I've also long since come to terms with the fact that I'm a human being - and that human beings are opportunistic omnivores. Although it's possible for us to stay relatively healthy on a diet devoid of animal protein, I think there's no reasonable point in the exercise.
Unless a person has health issues: A relative of mine is a strict vegetarian, because of a heart condition. Doctor's orders.
I don't mind the silly side of Thanksgiving. It's given me an excuse to make a few motivational posters.
Like this one, inspired by memories of my earnest, sensitive fellow-students back in the 'good old days:'
Researching a post for another blog, I ran across a recipe for ersatz turkey. The base material is tofu. I'm no huge fan of eating curdled soy milk, but the recipe I found sounded pretty good.
First, from that post, "Tofu Turkey: No Kidding," Loonfoot Falls Chronicle-Gazette (November 13, 2009):
"You may remember Howard Leland, proponent of the 'natural yard,' member of the Asclepias Society member, and defender of zombie ants.
"He's decided that he won't contribute to the annual slaughter of turkeys this year. He told me that he's going to feast on a concoction of tofu, sage, rosemary and thyme. No parsley, though. The recipe also calls for vinegar (balsamic, not that ordinary kind), red wine, Dijon mustard, soy sauce, and a few other ingredients.
"Turns out, 'balsamic vinegar' isn't vinegar at all. It's not made from wine, but from grape pressings that get boiled down and aged. The source I used said that it got popular in America after chefs at upscale restaurants started using it. No wonder balsamic vinegar was new to me...."
Now, that tofu turkey recipe:
"Homemade Tofu Turkey with Stuffing"
About.com: Vegetarian Food
"This Thanksgiving, try making your own homemade tofu turkey, complete with vegetarian stuffing inside. There's a few different steps involved, though the process is very simple. A homemade tofu turkey will be the pride and joy of your vegetarian or vegan Thanksgiving celebration!..."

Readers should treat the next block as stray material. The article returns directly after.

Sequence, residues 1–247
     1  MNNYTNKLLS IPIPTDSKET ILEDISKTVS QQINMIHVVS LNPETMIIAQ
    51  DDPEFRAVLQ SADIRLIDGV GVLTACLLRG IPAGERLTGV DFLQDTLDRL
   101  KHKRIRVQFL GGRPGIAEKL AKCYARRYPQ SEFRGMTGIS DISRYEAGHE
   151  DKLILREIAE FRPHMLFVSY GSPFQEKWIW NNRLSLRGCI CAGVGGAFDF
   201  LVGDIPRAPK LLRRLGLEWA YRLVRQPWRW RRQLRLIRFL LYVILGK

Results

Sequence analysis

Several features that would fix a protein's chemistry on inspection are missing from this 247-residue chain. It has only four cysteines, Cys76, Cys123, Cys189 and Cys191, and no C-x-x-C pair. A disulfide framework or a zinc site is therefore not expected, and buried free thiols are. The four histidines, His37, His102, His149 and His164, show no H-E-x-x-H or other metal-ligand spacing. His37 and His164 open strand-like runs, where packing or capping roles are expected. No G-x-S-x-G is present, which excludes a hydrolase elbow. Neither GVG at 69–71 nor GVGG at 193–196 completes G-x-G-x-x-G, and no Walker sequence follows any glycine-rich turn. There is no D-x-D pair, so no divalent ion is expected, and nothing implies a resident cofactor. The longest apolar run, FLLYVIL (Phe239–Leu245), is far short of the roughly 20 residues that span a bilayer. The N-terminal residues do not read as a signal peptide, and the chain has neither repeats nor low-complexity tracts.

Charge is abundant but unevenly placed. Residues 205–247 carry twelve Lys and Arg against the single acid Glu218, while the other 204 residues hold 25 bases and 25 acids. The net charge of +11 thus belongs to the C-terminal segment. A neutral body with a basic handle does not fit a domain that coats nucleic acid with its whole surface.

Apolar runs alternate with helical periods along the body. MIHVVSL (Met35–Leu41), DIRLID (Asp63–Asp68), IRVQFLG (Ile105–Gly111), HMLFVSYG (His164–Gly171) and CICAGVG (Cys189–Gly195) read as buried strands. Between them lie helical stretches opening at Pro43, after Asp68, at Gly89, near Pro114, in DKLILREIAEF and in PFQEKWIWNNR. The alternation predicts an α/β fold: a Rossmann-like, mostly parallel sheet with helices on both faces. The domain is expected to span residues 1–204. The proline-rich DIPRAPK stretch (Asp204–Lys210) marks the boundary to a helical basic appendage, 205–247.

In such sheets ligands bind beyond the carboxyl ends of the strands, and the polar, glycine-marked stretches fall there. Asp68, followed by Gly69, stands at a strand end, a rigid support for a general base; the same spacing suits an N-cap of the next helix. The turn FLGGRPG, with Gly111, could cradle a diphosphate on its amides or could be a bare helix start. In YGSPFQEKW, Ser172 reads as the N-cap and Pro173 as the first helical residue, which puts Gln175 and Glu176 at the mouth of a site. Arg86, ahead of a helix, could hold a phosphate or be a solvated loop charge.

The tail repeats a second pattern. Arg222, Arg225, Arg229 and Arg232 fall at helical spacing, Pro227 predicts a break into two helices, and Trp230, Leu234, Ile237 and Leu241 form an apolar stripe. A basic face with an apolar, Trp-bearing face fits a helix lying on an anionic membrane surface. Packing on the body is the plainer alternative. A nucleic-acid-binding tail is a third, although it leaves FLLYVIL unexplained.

The recipe doesn't look too hard to follow - although I'd have a time finding the "vegetarian stuffing" they refer to. And, providing you weren't expecting it to taste like turkey, the results could be fun to eat.
If you'd rather eat prefab tofu turkey, there's an outfit that sells a product they call Tofurky®: www.tofurky.com.
As I pointed out in that Loonfoot Falls post, Tofurky® is for people with refined tastes. It's: "Made, naturally, in a very vegan way with no 'genetically engineered foods.' That must take some doing, since soybeans have been a domesticated plant for about 31 centuries now...."
Domesticated Crops and the Evil EyeIt wasn't too long ago that people were worried about the evil eye. Some still do.
But a more up-to-date fashion is the fear of "genetically engineered" foods. They're not "natural," you know.
Which is true. There's nothing particularly natural about most of the foods we eat.
"...My guess is that most people don't think of domesticated plants and animals as 'artificial.' Wheat, domestic chickens, and big, juicy apples have been around for so long that it's easy to assume that they've 'always been there.'
"Besides, 'technology' is something new and cool, right? Not the sort of thing that those serfs and peasants do. Or, these days, those farmers...."
("Hard Science Fiction, Cultural Blinders and Laban's Sheep," Drifting at the Edge of Time and Space (October 29, 2009))
Maize - the stuff that Americans call "corn" - is an artificial life form, developed thousands of years ago in North America. Corn-on-the-cob is grown by plants whose genes were altered by selective breeding.
The method isn't the same as what's done at places like North Dakota State University, but the results are just as artificial: "natural" plants wouldn't have those oversized cobs with huge kernels. Maize looks - and tastes - the way it does, because people wanted it that way.
I think it's a good idea to be careful about what you eat: and this household does quite a bit of cooking 'from scratch,' using foods that haven't been processed all that much since they got separated from the (domesticated) plant or animal that grew them.
Of course, "genetically engineered," as used in the contemporary fashion seems to mean "developed during the last few decades, using techniques that weren't around in my grandparents' time."
Ambivalence toward the new and different is - not new. When I was growing up, I ran into a joke about a little old lady on an airplane. She was clearly not enjoying the flight. She explained her point of view: "People shouldn't fly around. They should be where God intended them to be: safe at home, watching television!"
A century or two from now, my guess is that a fear of "genetically engineered foods" will be like fear of the "evil eye" is now: a quaint cultural quirk, sincerely held by a few; studied by some; and forgotten by many.
- "Tofu Turkey: No Kidding "
Loonfoot Falls Chronicle-Gazette (November 13, 2009)
- "Hard Science Fiction, Cultural Blinders and Laban's Sheep"
Drifting at the Edge of Time and Space (October 29, 2009)
- "The History of Soybeans"
North Carolina Soybean Producers Association, Inc.
- "Corn and its untamed cousins: wild genes in domestic crops"
Understanding Evolution, University of California, Berkeley